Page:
The Daily Pennsylvanian is a student-run nonprofit.

Please support us by disabling your ad blocker on our site.


The Foundation for Individual Rights and Expression hosted a webinar with Amy Wax on April 13 (Screenshot from "Amy Wax and the Limits of Academic Freedom). 

Amy Wax refuted allegations regarding her controversial conduct and sought support from professors at an event with a national free speech group. 

On April 13 at 3 p.m., the Foundation for Individual Rights and Expression hosted the webinar, "Amy Wax and the Limits of Academic Freedom." At the webinar, Wax — a tenured University of Pennsylvania Carey Law School professor who is the subject of ongoing disciplinary proceedings — said she would take Penn to court if she is punished, calling the University "ruthless" and "unprincipled."

FIRE's director of faculty outreach Komi Frey moderated the webinar. Frey gave Wax 20 minutes to explain her case at Penn and defend herself against allegations of her conduct in the classroom. Faculty who attended were also able to ask questions of Wax. Frey wrote to The Daily Pennsylvanian that 152 faculty members attended the event, including 15 people who registered with Penn emails.

While explaining her case, Wax denied ever making certain statements that Penn alleges she made in the classroom — and admitted to making other statements, but argued they did not merit punishment. She painted these allegations as demonstrating that Penn was seeking to sanction her because of her political views and blunt commentary.

For instance, she denied that she ever told a Black Penn Carey Law student that she was only a double Ivy because of affirmative action.

"There was no other record of a complaint of a personal remark like that, that I ever made to a student in my 30 years of teaching," Wax claimed. "I deny that I ever made such a remark. I just don't talk that way unless students consult me directly in a personal way — and they do that sometimes. I just don't make such remarks."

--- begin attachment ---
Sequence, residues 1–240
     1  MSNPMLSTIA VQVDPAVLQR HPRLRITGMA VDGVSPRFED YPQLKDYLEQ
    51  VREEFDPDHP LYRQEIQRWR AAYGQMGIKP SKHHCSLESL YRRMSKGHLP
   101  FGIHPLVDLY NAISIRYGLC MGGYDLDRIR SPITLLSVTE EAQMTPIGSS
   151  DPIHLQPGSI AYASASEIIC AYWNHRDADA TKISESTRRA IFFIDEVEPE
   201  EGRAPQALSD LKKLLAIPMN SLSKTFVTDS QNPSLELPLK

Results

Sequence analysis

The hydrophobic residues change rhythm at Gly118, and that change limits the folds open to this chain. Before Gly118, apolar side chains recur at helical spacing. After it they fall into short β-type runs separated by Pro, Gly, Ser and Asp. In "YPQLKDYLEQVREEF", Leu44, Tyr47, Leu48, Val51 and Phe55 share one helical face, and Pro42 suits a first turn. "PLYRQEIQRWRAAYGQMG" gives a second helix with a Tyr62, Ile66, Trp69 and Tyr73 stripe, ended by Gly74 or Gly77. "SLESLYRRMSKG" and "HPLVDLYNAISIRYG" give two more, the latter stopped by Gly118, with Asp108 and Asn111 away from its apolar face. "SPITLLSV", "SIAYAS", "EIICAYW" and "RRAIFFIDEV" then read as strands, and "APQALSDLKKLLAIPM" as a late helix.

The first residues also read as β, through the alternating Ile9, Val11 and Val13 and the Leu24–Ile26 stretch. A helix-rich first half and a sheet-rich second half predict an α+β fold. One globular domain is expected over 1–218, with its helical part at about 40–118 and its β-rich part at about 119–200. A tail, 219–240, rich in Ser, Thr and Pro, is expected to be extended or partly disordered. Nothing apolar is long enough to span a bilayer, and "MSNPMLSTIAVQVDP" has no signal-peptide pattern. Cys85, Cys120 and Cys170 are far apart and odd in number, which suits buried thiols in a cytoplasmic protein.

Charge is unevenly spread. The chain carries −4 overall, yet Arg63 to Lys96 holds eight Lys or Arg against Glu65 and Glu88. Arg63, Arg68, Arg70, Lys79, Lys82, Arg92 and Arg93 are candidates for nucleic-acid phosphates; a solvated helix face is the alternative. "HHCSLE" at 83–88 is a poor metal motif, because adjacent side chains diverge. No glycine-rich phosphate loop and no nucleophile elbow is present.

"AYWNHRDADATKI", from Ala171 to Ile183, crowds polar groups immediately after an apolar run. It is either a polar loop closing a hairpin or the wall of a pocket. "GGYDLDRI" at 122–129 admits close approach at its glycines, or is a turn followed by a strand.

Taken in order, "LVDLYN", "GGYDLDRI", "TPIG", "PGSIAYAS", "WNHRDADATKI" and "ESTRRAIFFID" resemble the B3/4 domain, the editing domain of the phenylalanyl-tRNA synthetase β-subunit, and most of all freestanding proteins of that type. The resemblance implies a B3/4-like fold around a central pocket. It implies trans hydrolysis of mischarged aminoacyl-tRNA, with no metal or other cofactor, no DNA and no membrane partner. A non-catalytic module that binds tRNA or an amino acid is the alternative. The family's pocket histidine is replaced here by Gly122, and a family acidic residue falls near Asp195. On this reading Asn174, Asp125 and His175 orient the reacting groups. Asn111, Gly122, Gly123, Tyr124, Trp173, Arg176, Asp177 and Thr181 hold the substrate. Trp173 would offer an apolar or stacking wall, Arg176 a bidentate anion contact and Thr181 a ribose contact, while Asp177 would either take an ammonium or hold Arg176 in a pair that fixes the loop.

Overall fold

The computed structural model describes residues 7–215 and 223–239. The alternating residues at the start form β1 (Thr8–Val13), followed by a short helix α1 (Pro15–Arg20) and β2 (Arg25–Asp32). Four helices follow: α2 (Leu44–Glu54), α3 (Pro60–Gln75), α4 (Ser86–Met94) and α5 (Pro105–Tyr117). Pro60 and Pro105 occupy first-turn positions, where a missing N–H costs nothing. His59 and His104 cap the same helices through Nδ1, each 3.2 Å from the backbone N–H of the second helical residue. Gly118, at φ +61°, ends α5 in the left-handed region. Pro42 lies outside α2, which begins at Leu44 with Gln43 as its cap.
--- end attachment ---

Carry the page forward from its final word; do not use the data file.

However, 2012 Penn Carey Law graduate Lauren O'Garro-Moore told the DP in September that Wax made that comment to her during the second semester of her first year of law school, during a reception following an event hosted by the Penn Black Law Students Association.

At the webinar, Wax later told faculty that, if applicants to college were only evaluated on a merit-based, race-blind basis, the number of Black students would be "minuscule."

In the webinar, Wax claimed that underrepresented minorities, and Black people specifically, "lag behind in academic achievement, and that's why we need an extra thumb on the scale, calling it "highly probable" that minority students get accepted into Ivy League universities because of affirmative action.

She also admitted that she criticized same-sex relationships on an academic panel where Penn Carey Law professor Tobias Barrington Wolff, who is openly gay, was present. She said that it was fair for her to make such claims in an academic setting and added that same-sex couples using surrogacy to have children was "extramarital" and "artificial." 

Wax also admitted that she said, "finally, an American" after she listened to a group of students with "exotic" names introduce themselves. 

“American universities should primarily educate American citizens," Wax told the audience. 

Wax claimed that many of the allegations she is facing did not occur in the classroom, where she said professors should be held to a higher standard than their public commentary. However, Penn has claimed that, in the classroom, Wax said that Mexican men have a higher likelihood of assaulting women and that gay couples were not fit to raise children.

Beyond the allegations that are at the heart of Penn's disciplinary proceedings, Wax was questioned by around a dozen professors on a variety of issues, where her responses included attacking affirmative action, calling Governor Ron DeSantis of Florida a "hero," and calling Penn an "ominous" outlier in how it has handled free speech controversies compared to other universities. 

Penn Carey Law Dean Ted Ruger started a faculty investigation of Wax in January 2022 and since then has served as the University's prosecutor in the proceedings that are taking place. Ruger began the faculty investigation after years of inflammatory remarks made by Wax.

The proceedings are ongoing, although a hearing date had not been set as of March 23. Wax filed a counter-complaint against Ruger in January and said she intends to sue Penn if she receives a punishment, which could range from a letter of reprimand to termination.